Book: Blueprint-The Works of Gautam Bhatia, Foreword by Himanshu Burte

Himanshu Burte

Himanshu Burte

Published by Mapin Publishing

Blueprint - The Works of Gautam Bhatia, is an artist’s testimony about his work, nothing more and nothing less. For that reason alone, it is an unusually welcome event in Indian architectural discourse.


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Blueprint – The Works of Gautam Bhatia, is an artist’s testimony about his work, nothing more and nothing less. For that reason alone, it is an unusually welcome event in Indian architectural discourse.

I have long believed that Bhatia’s is among the most original imaginations at work in contemporary Indian architecture. Yet, Bhatia is probably better known for his architectural writing—whether taking down bourgeois fakery, or illuminating the felt poetry of spatial experience—than for his architectural practice. This book is therefore important as the first consolidated presentation of his creative practice—not just the body of his work—as an architect. It is also important for the way in which Bhatia presents the ideas behind his work, as well as moments from the process and experience of making it. For once, it is the ideas (and their unexpectedly persuasive idiosyncrasies) and the experience of translating them into design and built form that predominate in a book on architecture. But even rarer and truly original is the indirect illumination of the creative self that is the ghost in the book’s machine: steering as much as steered by the tumult of artistic and everyday practice, endlessly plagued by self-doubt and yet always straining for latent worlds of value that lie just out of reach. Like any good testimony, it presents rather than argues, and thus invites quarrel deeper than debate.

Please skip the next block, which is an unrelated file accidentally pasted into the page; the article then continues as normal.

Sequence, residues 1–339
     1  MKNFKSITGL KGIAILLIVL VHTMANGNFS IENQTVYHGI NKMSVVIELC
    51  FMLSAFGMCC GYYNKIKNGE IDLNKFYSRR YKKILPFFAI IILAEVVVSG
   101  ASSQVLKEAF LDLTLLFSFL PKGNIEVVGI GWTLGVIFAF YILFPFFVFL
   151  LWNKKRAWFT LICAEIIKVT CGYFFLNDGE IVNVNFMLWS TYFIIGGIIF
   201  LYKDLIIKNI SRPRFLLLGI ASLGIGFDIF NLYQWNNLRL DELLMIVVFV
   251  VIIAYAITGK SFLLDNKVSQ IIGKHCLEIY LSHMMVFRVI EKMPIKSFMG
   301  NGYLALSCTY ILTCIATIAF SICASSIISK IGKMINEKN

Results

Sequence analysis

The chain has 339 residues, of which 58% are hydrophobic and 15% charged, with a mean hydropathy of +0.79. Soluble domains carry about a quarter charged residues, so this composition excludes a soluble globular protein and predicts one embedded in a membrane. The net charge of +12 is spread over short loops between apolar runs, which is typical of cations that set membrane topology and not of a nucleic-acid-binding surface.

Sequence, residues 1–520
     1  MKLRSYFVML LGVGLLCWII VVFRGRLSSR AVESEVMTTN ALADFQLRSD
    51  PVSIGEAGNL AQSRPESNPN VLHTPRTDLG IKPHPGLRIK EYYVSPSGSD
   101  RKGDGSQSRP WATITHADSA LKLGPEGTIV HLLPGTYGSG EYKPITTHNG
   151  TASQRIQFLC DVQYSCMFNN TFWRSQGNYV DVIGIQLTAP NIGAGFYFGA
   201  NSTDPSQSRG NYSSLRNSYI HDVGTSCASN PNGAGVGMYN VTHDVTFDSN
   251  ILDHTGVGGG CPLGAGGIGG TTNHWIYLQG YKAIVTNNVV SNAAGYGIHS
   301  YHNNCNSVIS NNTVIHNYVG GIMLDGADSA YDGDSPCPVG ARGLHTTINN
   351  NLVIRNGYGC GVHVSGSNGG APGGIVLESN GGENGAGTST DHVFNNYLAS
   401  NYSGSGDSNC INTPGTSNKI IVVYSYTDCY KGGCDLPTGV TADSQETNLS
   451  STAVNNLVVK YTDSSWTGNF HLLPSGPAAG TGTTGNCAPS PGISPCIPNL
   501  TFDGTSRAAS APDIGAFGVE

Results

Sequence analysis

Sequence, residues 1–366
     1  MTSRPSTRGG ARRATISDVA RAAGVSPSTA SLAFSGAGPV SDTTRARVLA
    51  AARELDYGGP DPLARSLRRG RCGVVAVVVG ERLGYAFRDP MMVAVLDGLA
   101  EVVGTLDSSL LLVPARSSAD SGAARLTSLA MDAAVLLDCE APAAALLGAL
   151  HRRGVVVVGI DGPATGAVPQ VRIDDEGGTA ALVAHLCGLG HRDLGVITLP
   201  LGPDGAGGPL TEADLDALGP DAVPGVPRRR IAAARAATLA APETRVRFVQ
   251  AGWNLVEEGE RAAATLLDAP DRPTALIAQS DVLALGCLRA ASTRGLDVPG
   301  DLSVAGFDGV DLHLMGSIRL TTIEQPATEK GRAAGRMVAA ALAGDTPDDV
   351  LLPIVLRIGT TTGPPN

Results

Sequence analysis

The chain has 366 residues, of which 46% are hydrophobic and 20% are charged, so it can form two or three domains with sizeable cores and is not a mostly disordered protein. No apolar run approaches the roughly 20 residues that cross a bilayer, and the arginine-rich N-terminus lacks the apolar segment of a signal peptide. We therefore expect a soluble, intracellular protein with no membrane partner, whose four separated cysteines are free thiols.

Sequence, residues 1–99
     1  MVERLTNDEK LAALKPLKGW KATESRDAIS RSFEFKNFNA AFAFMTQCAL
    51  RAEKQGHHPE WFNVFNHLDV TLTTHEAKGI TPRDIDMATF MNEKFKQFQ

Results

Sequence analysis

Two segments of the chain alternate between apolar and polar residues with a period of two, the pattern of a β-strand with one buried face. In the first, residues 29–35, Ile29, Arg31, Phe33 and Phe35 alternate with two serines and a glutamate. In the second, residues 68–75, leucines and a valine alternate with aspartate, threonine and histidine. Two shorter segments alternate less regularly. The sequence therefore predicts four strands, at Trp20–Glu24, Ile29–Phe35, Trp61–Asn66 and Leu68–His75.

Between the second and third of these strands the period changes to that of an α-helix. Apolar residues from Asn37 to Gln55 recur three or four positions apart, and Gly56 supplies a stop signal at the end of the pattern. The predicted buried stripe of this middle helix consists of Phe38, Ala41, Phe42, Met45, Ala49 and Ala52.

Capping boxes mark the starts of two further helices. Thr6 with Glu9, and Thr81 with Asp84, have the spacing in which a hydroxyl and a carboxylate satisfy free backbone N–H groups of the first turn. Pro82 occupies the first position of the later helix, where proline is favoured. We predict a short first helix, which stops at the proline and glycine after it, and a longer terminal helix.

The personal is Bhatia’s register, in architecture and its telling. A thoughtful and well-read architect whose first degree was in the fine arts, Bhatia draws, sculpts, writes and designs from the gut. His creative practice hinges on emotional response: his own, to spaces and places produced by others whether named artists or authorless histories; and that he anticipates, manipulates and hopes for in the inhabitants he imagines into his buildings. The bile he hurls at the city, as well as the wonder for architecture he reports, issue from the same unfashionable source: deepest feeling. Surprise, engineered through distortions that yield unexpected caricature, or poetry, is the fulcrum that balances swinging contraries in word, image and building.